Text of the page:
• Join over 1.2 million students every month
  • Accelerate your learning by 29%
  • Unlimited access from just £6.99 per month

Year 10 students generally over estimate obtuse angles but under estimate acute angles

Extracts from this document...

Introduction

Year 10 students generally over estimate obtuse angles but under estimate acute angles I took the sample for this, my third hypothesis, using stratifying. But it was a large stratifies compared to the just gender one in the last hypothesis. It was according to set. There were 187 pupils questioned in year 10, 92 of whom were male and 86 who were female. I decided to take 25 of each gender, and then the following numbers from each set: Male Female Higher (set 1) 28/92 x 25 = 7 24/86 x 25 = 7 Intermediate (sets2-3) 50/92 x 25 = 14 54/86 x 25 = 16 Foundation (set 5) 14/92 x 25 = 4 8/86 x 25 = 2 Total: 25 25 I then used my calculator on the random number generator setting to take the above numbers from each set and gender. Using the same formula I used in my second hypothesis I identified, removed and replaced my outliers. ...read more.

Middle

The fact that I had left many outliers which are 120 has to be taken into account as I took out the individual outliers which were much higher but the lower ones were in a big group. As both of the interquartile ranges on my box plots were equal and symmetrical I decided to look to see if there was any correlation between them. To do this I used Excel to generate a scatter diagram with each person in my sample's estimate of angle one plotted against their estimate of angle two. The scatter diagram can be seen on the next page, it does not show much correlation, but if any had to be seen it would be slightly negative as the people who underestimate on angle one appear to over estimate on angle two, but this could just be looking for a pattern which isn't there. This is why I then used excel to calculate the correlation co-efficient, which came out as: -0.012727, which shows that what I interpreted from my diagram is correct that there is very slight negative correlation. ...read more.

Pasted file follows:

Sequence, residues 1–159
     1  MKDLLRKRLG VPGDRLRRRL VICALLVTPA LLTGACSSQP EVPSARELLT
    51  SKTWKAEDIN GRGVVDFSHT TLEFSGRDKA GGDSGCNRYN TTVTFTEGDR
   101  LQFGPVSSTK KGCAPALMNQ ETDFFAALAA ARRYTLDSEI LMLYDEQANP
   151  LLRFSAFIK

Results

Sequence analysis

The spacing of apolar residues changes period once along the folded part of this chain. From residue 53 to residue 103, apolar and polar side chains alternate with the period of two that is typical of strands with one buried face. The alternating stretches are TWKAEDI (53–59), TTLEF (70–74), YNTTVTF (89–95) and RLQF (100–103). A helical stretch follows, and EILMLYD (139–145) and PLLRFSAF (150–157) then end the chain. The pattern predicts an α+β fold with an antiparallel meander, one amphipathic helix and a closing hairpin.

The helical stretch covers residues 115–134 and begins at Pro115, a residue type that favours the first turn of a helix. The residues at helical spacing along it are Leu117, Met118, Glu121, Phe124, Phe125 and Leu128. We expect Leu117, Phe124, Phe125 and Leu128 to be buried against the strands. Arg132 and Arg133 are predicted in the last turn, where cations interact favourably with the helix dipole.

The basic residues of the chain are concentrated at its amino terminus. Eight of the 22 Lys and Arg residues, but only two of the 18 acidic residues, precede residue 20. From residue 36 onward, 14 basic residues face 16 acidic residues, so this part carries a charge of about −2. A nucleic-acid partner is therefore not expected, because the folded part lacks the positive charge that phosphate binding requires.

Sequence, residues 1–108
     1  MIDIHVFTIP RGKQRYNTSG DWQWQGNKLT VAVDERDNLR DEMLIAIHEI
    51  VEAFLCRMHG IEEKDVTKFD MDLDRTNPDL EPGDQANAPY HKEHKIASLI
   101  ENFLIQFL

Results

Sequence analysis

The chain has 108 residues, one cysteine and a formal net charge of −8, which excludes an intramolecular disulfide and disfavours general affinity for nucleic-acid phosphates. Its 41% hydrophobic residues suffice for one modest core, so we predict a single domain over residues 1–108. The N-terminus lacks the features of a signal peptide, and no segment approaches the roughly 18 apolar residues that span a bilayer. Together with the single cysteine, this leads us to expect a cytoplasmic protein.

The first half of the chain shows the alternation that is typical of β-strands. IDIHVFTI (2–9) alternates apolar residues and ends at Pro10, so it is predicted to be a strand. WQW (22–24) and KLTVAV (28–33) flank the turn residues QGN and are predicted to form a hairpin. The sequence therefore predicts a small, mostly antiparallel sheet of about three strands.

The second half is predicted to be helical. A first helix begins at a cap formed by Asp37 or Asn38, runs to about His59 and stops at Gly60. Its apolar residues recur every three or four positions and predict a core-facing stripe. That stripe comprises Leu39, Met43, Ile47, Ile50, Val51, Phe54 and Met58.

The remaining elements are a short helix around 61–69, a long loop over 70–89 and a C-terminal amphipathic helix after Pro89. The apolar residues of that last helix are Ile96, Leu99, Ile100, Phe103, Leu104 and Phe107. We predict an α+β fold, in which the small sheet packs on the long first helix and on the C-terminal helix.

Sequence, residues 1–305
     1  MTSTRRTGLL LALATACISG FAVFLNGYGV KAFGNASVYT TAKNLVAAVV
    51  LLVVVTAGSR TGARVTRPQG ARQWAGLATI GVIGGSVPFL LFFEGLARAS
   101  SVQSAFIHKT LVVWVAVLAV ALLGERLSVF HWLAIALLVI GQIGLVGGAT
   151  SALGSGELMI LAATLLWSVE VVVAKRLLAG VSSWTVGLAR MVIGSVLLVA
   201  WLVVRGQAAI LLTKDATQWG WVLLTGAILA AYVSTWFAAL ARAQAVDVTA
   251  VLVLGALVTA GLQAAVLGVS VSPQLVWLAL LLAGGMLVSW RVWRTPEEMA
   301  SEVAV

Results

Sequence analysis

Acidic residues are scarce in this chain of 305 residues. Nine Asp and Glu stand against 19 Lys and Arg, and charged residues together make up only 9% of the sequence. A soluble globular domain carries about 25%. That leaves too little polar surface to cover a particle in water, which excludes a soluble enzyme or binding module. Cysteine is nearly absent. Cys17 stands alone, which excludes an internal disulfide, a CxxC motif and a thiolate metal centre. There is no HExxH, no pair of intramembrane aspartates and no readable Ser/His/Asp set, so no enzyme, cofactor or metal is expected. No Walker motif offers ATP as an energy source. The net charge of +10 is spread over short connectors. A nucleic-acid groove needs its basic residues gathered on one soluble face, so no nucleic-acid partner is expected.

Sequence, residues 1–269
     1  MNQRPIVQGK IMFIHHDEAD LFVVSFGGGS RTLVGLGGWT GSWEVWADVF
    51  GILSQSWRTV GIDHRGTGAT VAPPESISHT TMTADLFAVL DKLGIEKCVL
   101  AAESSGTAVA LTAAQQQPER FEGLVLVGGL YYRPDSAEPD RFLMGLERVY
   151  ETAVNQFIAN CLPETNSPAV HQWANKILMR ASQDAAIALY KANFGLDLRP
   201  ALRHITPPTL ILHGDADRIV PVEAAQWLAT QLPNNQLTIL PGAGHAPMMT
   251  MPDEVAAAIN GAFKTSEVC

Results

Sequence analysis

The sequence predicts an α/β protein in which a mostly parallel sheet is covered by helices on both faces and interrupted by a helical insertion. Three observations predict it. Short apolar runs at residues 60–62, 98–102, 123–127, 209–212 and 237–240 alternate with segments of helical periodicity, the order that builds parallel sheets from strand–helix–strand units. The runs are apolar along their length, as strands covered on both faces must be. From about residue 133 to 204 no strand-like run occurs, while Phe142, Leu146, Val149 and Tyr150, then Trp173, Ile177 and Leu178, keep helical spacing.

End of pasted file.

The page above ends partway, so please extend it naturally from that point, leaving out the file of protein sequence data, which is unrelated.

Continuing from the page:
Conclusion

The cumulative frequency graph for angle one shows me that there is a higher gradient just above the actual value than below, whereas on the graph for angle two we see a steeper gradient directly below than directly above, although on the second graph, above the actual value carries on at a relatively steep gradient for a while where as below is a short steep gradient followed by a long small gradient. I have used the following methods to investigate and display the data to form a conclusion for or against my hypothesis: * Scatter diagram * Box plots * Cumulative frequency graphs These each told me the following things: * Scatter diagrams: People generally overestimate acute angles and underestimate obtuse angles * Box plots: People generally overestimate acute angles and underestimate obtuse angles * Cumulative frequency graphs: People generally overestimate both types of angles These finding are in general against the hypothesis that: Year 10 students generally over estimate obtuse angles but underestimate acute angles Proving that for our year 10 at Horsforth School, Leeds, my hypothesis is incorrect. Ellen Beardsworth - Maths Coursework - Guestimate ...read more.